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Old 10-31-10, 06:32 PM   #1
sknhgy 
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The Katy goes to Machens now

Went out today and thought I'd ride north from St. Charles to see if any progress had been done on the trail. To my surprise it kept going and going. I ended up riding 11 miles northeast, in to the wind,to the town of Machens. The new extension was a nice surprise. Someone I met on the trails said it has only been open for a matter of days.
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Old 11-07-10, 06:12 PM   #2
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Sounds like a new place to begin my full monte of the trail next spring.
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Old 11-13-10, 10:11 AM   #3
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Alright! That sounds great! A lot of people have been anticipating that through ride to the end. I understand they have started work, but with a few easement hang ups, on the Windsor to Pleasant Hill section, things are looking up! That will be nice to be able to ride from near KC to the confluence of the "Big Muddy" and the "Mighty" one. Thanks for posting that, sknhgy.
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Old 02-04-11, 03:03 PM   #4
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Is it paved?
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Old 02-04-11, 03:49 PM   #5
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Is it paved?
The Katy Trail is not paved, it's a crushed limestone type material.
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Old 02-05-11, 03:15 PM   #6
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So what are the typical speeds on the katy? Someone who averages around 18mph should be able to do 15? This spring I may take a trip up and ride the KT for a few days.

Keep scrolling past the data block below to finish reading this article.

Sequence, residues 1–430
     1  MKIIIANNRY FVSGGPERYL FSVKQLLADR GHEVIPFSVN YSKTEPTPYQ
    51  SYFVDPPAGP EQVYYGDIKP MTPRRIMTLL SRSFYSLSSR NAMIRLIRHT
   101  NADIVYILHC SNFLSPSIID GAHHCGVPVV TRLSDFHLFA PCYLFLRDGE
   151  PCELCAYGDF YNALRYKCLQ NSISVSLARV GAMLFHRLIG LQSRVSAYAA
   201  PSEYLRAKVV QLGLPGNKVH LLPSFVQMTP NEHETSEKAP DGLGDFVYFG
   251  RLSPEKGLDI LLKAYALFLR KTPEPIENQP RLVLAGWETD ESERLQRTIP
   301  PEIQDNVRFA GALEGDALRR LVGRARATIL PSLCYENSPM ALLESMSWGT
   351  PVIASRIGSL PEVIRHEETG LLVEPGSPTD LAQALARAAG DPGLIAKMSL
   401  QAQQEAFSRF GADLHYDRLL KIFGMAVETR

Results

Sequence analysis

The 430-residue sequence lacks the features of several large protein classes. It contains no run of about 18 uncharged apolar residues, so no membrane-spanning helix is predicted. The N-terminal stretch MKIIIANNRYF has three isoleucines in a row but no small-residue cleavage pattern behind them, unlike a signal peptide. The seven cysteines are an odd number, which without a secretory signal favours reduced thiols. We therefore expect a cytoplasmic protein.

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Old 02-06-11, 09:07 PM   #7
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So what are the typical speeds on the katy? Someone who averages around 18mph should be able to do 15? This spring I may take a trip up and ride the KT for a few days.
Yea. You could do 15. I usually poke along a bit slower and enjoy the scenery. The Katy is a great trail for mental wandering. If the snow melts then we get a cold snap I would like to take a mid winter ride. You want frozen ground this time of year. When soft from freezing and thawing the Katy has high rolling resistance.
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Old 02-22-11, 02:46 PM   #8
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martialman.45: I've always felt that for the same amount of effort I'm riding 3-4 mph slower on the Katy than on pavement. It really depends on how smooth the trail is. Well-worn (heavily used) areas (such as St. Charles - Augusta and Jefferson City - Rocheport) when dry will be faster. Less used sections are rougher and therefore (much) slower. If wet, as from rain, very much slower. When soggy from snow melt, unrideably. I can agree with the previous poster, take it slower and enjoy the scenery, but if you wish to push it fast, you can do it. I like wider, lower pressure tires (like cyclocross tires). I think they do well for that type of surface, and you can pump them up harder if you want a fast ride. For reference, on my cyclecross bike with 700x32 cyclocross tubulars at 65-75 lbs pressure I can comfortably ride the well-worn/smooth sections at 14 mph, and if I really want to push it can hold 18. Last year on a 4 day St. Charles - Sedalia trip with a fully loaded touring bike with 700x38 tires at 70 lbs pressure I rode in the 11-16 mph range on the smooth parts depending on whether I had a head or tail wind, and 9-13 mph, depending on the wind, on the rougher parts (such as Hermann-Jefferson City).
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